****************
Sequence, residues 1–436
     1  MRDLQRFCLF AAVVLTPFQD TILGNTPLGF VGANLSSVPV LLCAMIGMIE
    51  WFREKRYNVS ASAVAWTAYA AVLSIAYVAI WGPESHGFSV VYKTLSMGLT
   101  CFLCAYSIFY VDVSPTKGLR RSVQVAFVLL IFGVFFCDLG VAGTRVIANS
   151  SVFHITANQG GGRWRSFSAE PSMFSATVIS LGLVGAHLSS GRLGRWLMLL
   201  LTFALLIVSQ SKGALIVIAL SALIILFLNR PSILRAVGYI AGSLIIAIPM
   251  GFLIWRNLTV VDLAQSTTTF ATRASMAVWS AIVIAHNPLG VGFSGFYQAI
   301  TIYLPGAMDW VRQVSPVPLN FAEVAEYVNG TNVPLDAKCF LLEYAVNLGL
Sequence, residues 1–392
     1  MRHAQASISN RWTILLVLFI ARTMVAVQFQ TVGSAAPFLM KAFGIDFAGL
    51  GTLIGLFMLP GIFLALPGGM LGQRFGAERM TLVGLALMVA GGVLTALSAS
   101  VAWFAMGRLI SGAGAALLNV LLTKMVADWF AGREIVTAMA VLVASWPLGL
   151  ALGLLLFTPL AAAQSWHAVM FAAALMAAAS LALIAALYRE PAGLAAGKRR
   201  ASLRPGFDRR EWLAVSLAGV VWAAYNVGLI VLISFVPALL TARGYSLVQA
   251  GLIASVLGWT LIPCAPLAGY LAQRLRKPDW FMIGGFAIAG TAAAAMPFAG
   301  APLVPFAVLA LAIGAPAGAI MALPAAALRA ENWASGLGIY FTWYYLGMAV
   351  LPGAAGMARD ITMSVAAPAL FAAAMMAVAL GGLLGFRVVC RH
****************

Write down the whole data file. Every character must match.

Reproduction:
Sequence, residues 1–436
     1  MRDLQRFCLF AAVVLTPFQD TILGNTPLGF VGANLSSVPV LLCAMIGMIE
    51  WFREKRYNVS ASAVAWTAYA AVLSIAYVAI WGPESHGFSV VYKTLSMGLT
   101  CFLCAYSIFY VDVSPTKGLR RSVQVAFVLL IFGVFFCDLG VAGTRVIANS
   151  SVFHITANQG GGRWRSFSAE PSMFSATVIS LGLVGAHLSS GRLGRWLMLL
   201  LTFALLIVSQ SKGALIVIAL SALIILFLNR PSILRAVGYI AGSLIIAIPM
   251  GFLIWRNLTV VDLAQSTTTF ATRASMAVWS AIVIAHNPLG VGFSGFYQAI
   301  TIYLPGAMDW VRQVSPVPLN FAEVAEYVNG TNVPLDAKCF LLEYAVNLGL
Sequence, residues 1–392
     1  MRHAQASISN RWTILLVLFI ARTMVAVQFQ TVGSAAPFLM KAFGIDFAGL
    51  GTLIGLFMLP GIFLALPGGM LGQRFGAERM TLVGLALMVA GGVLTALSAS
   101  VAWFAMGRLI SGAGAALLNV LLTKMVADWF AGREIVTAMA VLVASWPLGL
   151  ALGLLLFTPL AAAQSWHAVM FAAALMAAAS LALIAALYRE PAGLAAGKRR
   201  ASLRPGFDRR EWLAVSLAGV VWAAYNVGLI VLISFVPALL TARGYSLVQA
   251  GLIASVLGWT LIPCAPLAGY LAQRLRKPDW FMIGGFAIAG TAAAAMPFAG
   301  APLVPFAVLA LAIGAPAGAI MALPAAALRA ENWASGLGIY FTWYYLGMAV
   351  LPGAAGMARD ITMSVAAPAL FAAAMMAVAL GGLLGFRVVC RH